Slovak universities are losing students

They will actively look for students abroad, like Czech universities do in Slovakia.

Illustrative stock photoIllustrative stock photo (Source: Unsplash)

The halls and classrooms of Slovak universities are now emptier than they were ten years ago. The coronavirus is not the one to blame in this case.

Universities are losing students and the data they provided for the Largest in Business ranking of The Slovak Spectator suggest that today, tens of thousands fewer students are studying at Slovak universities than a decade ago. What happened?

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Demography is usually an immediate answer, but one reason behind the development. There are not just fewer people in the population. Slovak students are among those who leave to study abroad more frequently than students in other countries. Experts on the education system say universities are not motivated to decrease the number of admissions to reflect these demographic changes, because their finances are partly based on per-capita criteria.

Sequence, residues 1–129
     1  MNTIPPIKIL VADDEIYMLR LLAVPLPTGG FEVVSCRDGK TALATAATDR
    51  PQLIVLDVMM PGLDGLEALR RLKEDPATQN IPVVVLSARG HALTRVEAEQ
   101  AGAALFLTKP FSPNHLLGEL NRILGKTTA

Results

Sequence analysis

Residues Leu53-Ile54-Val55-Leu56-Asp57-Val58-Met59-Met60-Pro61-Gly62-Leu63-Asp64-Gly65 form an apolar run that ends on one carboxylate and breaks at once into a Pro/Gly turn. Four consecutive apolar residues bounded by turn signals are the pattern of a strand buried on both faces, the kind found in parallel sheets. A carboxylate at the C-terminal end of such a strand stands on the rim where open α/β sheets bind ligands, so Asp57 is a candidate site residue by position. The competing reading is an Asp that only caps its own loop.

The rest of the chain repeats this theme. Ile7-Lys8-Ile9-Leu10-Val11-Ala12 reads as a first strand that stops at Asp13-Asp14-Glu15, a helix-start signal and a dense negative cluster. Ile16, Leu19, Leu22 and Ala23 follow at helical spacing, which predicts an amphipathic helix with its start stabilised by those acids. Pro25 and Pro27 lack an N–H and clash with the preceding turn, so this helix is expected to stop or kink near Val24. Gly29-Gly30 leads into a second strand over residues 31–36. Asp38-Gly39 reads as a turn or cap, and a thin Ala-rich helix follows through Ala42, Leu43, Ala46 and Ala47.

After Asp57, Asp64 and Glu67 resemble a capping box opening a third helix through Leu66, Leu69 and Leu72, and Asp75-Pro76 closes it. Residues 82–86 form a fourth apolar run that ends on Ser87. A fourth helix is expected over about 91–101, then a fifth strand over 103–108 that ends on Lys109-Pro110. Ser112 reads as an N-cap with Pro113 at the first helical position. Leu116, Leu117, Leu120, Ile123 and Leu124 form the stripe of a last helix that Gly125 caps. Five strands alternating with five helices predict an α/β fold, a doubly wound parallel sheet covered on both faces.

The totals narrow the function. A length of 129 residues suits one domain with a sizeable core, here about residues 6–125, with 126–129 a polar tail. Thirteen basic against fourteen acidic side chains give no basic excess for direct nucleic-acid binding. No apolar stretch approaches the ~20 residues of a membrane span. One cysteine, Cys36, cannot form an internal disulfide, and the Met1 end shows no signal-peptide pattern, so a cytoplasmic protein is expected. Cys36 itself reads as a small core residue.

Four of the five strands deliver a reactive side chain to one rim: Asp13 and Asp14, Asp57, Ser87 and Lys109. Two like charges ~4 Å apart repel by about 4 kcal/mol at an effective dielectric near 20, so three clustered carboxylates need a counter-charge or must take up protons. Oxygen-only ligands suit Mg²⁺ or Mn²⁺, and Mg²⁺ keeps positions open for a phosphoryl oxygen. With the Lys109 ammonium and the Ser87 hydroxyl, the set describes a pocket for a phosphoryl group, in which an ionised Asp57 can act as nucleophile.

“Universities cannot reverse the trend of the demographic curve, but they can try to be more effective and attractive,” Adam Krchňavý of the non-governmental think tank INESS told The Slovak Spectator. “Universities need to reflect on the current problems and flexibly react to the demands of the market.”

At some unis, number of students halved

Nitra, the western-Slovak regional capital with about 77,000 inhabitants, is the seat of two universities – the Slovak University of Agriculture and Constantine the Philosopher University. While the latter reported slightly more than 11,700 students in 2011, the Slovak Agriculture University had about 9,400 students that year.

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